Forget Chicago: Cleveland Gets the Gay Games

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Nick Laham / Getty

A runner prepares to begin a track-and-field event at the Gay Games VII at Chicago's Hanson Stadium on July 21, 2006

Let Chicago and President Obama compete for the Olympics. Cleveland — yes, Cleveland! — just won the Gay Games. Citing the city's world-class athletic facilities, hotels and public transportation, the Gay Games Federation announced that Cleveland will host the games in 2014. An abundance of enthusiasm, some Midwestern pluck and a boisterous night on Lake Erie didn't hurt. "It was obvious that these guys worked very hard on this for over a year," says Darl Schaaff, who led the site-selection committee for the federation. "The level of community support was just amazing."

The games started in San Francisco in 1982 and happen every four years, attracting over 16,000 gay and straight amateur athletes from around the world. (The event was originally called the Gay Olympics until the International Olympic Committee asked the Gay Games Federation to cease and desist.) Athletes compete in more than 30 sports, from track and field to table tennis. The Cleveland games will be the first to include a gay rodeo.

Cleveland's bid beat Boston's and Washington's. For a city still suffering from the foreclosure crisis, massive population flight and 40 years of industrial decline, besting larger and more famously gay-friendly cities represents a major coup. The games will attract between 50,000 and 70,000 people to athletic events in Cleveland and Akron, according to the federation's estimates, and inject over $60 million into the local economy. "We hit the mother lode," says Doug Anderson, founder of the Cleveland Synergy Foundation, which led the effort to attract the games. "I think we'll have great attendance for the whole week of the games because you can stay much cheaper in Cleveland than you can almost anywhere else in the country."

Perhaps most important is the opportunity to recast the region's image, local leaders say. In the national psyche, Cleveland remains a blue collar factory town in a conservative farm state, neither of which are particularly innovative or gay-friendly. "We've never really gone to the heartland," says Schaaff, who lives in Anchorage, Alaska. "Here was an opportunity to boldly go to a place that is perhaps not recognizable throughout the world as a gay center, but where real change is starting to happen."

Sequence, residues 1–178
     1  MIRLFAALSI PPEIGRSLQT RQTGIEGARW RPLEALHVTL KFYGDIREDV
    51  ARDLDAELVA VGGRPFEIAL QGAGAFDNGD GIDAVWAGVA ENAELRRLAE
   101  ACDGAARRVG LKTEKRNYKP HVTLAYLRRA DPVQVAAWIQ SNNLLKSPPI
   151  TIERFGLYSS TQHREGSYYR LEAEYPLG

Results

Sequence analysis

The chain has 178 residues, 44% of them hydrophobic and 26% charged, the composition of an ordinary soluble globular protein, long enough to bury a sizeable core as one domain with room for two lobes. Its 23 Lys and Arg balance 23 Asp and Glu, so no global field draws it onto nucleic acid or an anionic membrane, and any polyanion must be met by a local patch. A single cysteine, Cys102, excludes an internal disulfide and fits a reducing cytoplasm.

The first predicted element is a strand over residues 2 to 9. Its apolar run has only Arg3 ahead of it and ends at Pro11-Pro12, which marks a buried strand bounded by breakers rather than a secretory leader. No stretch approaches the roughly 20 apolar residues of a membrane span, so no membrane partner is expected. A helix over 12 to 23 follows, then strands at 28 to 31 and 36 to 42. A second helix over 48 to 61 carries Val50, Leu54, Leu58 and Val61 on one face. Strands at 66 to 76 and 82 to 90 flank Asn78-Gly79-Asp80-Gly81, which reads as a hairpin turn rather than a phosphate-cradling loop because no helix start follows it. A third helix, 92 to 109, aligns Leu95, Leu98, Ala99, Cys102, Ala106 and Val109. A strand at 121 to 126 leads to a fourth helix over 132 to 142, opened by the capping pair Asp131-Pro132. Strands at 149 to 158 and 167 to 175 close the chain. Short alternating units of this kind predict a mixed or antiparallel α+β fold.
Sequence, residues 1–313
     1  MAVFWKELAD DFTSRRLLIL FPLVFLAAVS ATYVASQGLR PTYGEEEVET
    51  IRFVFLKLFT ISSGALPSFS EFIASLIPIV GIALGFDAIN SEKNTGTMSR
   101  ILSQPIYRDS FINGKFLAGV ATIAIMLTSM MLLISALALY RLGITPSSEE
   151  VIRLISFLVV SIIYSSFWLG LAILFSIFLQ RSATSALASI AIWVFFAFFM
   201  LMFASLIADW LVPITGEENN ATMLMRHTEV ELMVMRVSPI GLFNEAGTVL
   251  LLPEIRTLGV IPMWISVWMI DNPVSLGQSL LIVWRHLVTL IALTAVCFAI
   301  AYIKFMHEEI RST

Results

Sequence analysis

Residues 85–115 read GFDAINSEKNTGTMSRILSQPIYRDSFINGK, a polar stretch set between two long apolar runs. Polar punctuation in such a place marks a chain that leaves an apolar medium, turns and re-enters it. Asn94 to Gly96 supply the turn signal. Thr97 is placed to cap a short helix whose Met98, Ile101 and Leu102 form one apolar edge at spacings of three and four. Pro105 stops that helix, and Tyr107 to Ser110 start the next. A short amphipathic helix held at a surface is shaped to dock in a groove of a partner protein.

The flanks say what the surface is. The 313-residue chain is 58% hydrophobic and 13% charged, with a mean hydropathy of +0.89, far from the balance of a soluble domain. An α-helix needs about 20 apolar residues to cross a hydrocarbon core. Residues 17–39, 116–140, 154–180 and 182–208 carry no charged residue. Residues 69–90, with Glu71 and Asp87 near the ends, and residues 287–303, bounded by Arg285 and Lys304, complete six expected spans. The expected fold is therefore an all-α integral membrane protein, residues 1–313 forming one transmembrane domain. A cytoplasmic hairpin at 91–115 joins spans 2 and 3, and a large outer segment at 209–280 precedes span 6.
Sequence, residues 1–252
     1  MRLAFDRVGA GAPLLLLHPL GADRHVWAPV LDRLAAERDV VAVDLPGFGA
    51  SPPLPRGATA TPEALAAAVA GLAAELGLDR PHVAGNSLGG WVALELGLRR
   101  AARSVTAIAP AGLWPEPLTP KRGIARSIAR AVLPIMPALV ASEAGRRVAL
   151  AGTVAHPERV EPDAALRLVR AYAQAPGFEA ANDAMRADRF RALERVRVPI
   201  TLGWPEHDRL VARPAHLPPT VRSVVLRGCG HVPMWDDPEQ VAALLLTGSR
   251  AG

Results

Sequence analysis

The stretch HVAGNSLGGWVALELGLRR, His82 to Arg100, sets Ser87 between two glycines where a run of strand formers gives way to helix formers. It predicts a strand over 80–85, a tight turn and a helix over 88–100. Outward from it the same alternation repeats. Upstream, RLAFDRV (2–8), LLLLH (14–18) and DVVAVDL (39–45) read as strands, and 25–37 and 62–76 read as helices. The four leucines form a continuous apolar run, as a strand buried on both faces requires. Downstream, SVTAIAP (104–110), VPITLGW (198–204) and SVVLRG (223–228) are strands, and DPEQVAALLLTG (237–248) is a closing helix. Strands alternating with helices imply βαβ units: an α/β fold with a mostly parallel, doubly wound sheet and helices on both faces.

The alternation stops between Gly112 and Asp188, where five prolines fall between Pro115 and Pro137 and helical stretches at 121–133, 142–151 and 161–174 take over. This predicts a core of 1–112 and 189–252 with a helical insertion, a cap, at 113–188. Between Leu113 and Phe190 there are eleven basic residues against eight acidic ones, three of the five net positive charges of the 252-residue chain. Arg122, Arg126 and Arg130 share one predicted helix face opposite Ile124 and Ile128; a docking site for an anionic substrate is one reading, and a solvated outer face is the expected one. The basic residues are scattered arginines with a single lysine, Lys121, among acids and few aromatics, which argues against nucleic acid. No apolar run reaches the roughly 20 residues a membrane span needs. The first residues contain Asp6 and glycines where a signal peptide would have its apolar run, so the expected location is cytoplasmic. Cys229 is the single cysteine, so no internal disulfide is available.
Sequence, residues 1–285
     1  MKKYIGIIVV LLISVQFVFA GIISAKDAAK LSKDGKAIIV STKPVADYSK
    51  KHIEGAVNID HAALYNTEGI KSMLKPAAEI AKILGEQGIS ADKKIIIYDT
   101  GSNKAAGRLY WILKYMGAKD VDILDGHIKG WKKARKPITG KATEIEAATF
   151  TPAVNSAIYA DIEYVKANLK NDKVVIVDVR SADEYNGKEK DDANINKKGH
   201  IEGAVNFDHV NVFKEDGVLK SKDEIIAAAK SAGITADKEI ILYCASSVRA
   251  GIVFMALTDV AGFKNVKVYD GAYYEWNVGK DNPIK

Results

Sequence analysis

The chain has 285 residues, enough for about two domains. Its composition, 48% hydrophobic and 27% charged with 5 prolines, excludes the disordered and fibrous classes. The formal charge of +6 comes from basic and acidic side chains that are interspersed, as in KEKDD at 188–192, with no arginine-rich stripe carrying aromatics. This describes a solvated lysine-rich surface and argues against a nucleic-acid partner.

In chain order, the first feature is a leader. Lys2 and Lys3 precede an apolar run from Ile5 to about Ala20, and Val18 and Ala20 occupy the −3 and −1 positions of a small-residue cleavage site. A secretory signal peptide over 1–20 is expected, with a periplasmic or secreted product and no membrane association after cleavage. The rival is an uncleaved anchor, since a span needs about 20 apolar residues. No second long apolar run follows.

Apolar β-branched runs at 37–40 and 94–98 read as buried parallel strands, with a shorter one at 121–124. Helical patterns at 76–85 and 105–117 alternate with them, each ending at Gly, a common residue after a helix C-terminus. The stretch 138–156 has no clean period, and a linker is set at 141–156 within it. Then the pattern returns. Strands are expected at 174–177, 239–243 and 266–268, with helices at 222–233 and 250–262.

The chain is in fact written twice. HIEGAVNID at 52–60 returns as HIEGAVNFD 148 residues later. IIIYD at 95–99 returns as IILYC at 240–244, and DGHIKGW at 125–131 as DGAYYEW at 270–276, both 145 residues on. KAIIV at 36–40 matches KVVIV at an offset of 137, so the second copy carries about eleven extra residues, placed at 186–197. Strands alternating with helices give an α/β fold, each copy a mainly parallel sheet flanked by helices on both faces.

Cleveland instituted a registry for domestic partners in May. The Ohio house of representatives passed a bill on Sept. 15 that would make it illegal to discriminate against gay people in housing and in the workplace. The same day, Cleveland's city council passed a law guaranteeing the Gay Games $2 million in cash and in-kind contributions. "The city of Cleveland is prepared to roll out the welcome mat to the LGBT athletes, their families and spectators from around the world," Cleveland Mayor Frank G. Jackson said in a press release.

Opposition to the bid for the games was virtually nonexistent. The Rev. C. Jay Matthews, leader of Mount Sinai Baptist Church and a prominent voice in Cleveland's African-American community, led an unsuccessful campaign last winter challenging the city's domestic-partnership registry. But he took no public stand regarding the games. "Ohio has a reputation that is more conservative than the reality," says Sue Doerfer, executive director of the Lesbian Gay Bisexual Transgender Community Center of Greater Cleveland. "This effort will change Ohio forever," says Joe Cimperman, a Cleveland city council member, who expects the council to vote next year on bills protecting transgendered people from discrimination and extending domestic-partner benefits to city employees. "You're damn right this is about an agenda. Because if this doesn't improve human equality, then why do it?"

Cleveland may also have won the bid because it knows how to party. As part of the bid process, each finalist city organized a meeting to show community support for the games. A few hundred people attended the events in Washington and Boston. In Cleveland, 7,000 people packed the Rock and Roll Hall of Fame to capacity, overflowing into an adjacent park on the Lake Erie shore. "It was a truly amazing evening," Schaaff says. The Gay Games are still five years off, but some Clevelanders already wonder what comes next. "Chicago had the Gay Games in 2006, and now they're bidding for the Olympics," Anderson says. "Could it happen in Cleveland? Absolutely."